Alberta government sources children’s pain medication to ease supply woes

Alberta government sources children’s pain medication to ease supply woes

The Alberta government says it has found a supply of five million bottles of children’s pain and fever medication from a Turkish manufacturer.

As pharmacy shelves sit empty and pharmacists guard their limited supply of children’s Tylenol and Advil, Premier Danielle Smith announced Tuesday that she hopes a cache of medication is soon on its way.

“Many families are feeling overwhelmed, dealing with, especially, fevers, coughs and other issues with their kids,” Smith said from a Shoppers Drug Mart in downtown Edmonton.

“It’s one more thing parents have to worry about. And it’s yet another pressure placed on our strained public health-care system.”

Health Minister Jason Copping said Alberta would be willing to share the supply with other provinces once it arrives.

He also said Alberta will need at least 500,000 bottles for the rest of this respiratory illness season, but expects demand for the product to continue year round.

For months, Canada has been hit with a shortage of ibuprofen and acetaminophen sold in liquid and chewable pill formats in dosages for children younger than 12.

The scarcity hit just as waves of respiratory syncytial virus (RSV), influenza, COVID-19 and other respiratory infections are causing widespread and sometimes serious illness among children.

Some pharmacies have been able to compound children’s formulations for customers but that takes additional time.

Ghada Haggag, a parent, pharmacist, and manager of All Care Pharmacy in Edmonton, says she was relieved to hear the province has found an additional source of the medicines.

“We are so happy, but I’m going to be more happy when I see it on hand and people feel more comfortable,” she said.

Edmonton pharmacist Ghada Haggag has a limited supply in her pharmacy of children’s pain relievers such as pediatric Advil and Tylenol. She’s happy to see the provincial government find another potential source of the medications. (Travis McEwan/CBC)

The pharmacy phone rings 10 to 15 times a day with parents looking for a source of children’s pain relievers, antibiotics, cough medication and stomach remedies, Haggag said.

“It’s all about the demand,” she said. “Because we never use this amount of kids’ cold and flu symptoms or the kids cold and flu medication.”

In a news release, the government said it will order five million bottles of medication from Istanbul-based Atabay Pharmaceuticals and Fine Chemicals. 

Approval from Health Canada needed

Any manufacturer or authority seeking to procure foreign medicines must get authorization from Health Canada.

In a statement Wednesday, Health Canada said it has met with Alberta officials and provided information on the steps required for “exceptional importation” of foreign products.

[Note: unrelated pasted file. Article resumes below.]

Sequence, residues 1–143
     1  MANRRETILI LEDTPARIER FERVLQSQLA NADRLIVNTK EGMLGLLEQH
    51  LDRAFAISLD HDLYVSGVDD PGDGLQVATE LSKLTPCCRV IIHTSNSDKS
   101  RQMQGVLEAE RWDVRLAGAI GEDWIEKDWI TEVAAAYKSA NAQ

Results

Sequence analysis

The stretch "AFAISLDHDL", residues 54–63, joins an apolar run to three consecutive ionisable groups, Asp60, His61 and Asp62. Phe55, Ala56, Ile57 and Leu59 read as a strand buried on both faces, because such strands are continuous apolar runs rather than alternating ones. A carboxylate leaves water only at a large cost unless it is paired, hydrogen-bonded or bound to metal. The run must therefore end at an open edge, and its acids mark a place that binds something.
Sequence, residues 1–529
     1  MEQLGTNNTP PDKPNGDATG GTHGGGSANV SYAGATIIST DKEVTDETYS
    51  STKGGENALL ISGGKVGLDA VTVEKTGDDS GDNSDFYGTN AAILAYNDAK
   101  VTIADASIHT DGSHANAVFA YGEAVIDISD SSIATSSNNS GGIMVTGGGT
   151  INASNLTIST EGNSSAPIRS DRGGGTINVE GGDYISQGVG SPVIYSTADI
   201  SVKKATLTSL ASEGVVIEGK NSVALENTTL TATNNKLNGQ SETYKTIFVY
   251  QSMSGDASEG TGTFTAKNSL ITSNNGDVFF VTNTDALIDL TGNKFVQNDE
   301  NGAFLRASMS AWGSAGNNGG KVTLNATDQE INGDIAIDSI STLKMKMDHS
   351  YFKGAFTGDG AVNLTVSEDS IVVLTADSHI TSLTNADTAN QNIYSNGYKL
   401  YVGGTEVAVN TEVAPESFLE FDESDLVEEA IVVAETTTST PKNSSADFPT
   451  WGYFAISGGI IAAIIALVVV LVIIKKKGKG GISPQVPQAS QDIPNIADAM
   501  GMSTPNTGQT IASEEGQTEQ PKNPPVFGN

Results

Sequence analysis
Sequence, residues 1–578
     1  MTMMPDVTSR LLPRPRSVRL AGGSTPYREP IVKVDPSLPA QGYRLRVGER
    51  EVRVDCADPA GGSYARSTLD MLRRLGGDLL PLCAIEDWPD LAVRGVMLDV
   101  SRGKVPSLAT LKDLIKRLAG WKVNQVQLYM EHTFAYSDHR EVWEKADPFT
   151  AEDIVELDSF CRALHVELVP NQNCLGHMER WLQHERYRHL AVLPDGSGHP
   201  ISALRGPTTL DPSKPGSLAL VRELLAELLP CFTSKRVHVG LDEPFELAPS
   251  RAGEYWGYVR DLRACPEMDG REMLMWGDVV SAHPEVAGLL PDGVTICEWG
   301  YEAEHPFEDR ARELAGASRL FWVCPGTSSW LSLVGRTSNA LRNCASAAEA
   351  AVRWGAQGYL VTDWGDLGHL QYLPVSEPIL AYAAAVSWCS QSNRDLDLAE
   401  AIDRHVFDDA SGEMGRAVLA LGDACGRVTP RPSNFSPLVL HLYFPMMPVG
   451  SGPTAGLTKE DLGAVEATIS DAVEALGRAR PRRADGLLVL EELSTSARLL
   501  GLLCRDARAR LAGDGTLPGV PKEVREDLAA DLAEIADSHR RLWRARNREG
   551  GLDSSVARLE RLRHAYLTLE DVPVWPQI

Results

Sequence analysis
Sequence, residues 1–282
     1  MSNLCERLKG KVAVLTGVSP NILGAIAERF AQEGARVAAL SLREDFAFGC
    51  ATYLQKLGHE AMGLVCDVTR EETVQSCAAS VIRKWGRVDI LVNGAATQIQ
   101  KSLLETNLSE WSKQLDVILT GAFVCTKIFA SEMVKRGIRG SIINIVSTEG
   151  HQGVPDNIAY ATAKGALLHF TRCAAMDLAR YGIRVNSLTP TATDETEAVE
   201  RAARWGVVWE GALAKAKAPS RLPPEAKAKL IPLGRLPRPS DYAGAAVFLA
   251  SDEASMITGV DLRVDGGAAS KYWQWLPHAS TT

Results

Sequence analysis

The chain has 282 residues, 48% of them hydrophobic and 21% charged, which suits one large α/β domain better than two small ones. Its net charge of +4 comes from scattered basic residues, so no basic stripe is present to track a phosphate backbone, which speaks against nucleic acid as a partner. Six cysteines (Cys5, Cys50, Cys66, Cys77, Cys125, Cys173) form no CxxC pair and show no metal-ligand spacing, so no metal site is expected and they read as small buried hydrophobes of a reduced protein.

The federal health ministry said it needs to determine that the products are manufactured to standards comparable to the Canadian authorized product and in line with Canada’s quality, safety and efficacy requirements.

Health Canada must also ensure that the Canadian importer has a drug establishment licence.

“Additionally, to ensure parents and caregivers clearly understand what medication they are giving their children, all necessary information related to cautions and warnings, dosing directions, and ingredients needs to be available in English and French,” Health Canada said.

It’s unclear how long it could take the federal government to approve the new source of medicine, and when the products might hit store shelves.

Shivali Sharma is a pharmacist and owner of three Edmonton Shoppers Drug Mart franchises.

In late November, the Canadian government managed to procure about a million bottles of children’s Tylenol so Sharma does have some supply. She keeps it behind the counter of her downtown pharmacy to prevent shoppers from hoarding or bulk-buying the products, saving it for parents with sick kids.

Sharma wants to know what provincial and federal governments are doing to secure a longer-term supply.

“We don’t have any certainty about when the next shipment is coming in and what that quantity is going to look like,” she said.

Preventing illness

While doctors are calling on the government to take more steps to prevent the spread of the diseases making children ill, Premier Smith said finding a new source of children’s medication is a preventative step.

She also refused to directly answer a question about why Alberta’s interim chief medical officer of health, Dr. Mark Joffe, isn’t holding news conferences to update the public as has been customary during other outbreaks.

NDP MLA and health critic David Shepherd told reporters at the legislature the premier is putting her political ideology and preferences ahead of children’s wellbeing.

“We’ve seen no indication that they take this crisis seriously,” Shepherd said of the government. “We’re hearing from parents, we’re hearing from staff at the Alberta Children’s hospital, who are despairing.”

Shepherd wants the government to appoint an independent panel of public health experts to advise the province and who can speak publicly about their evidence-based recommendations.

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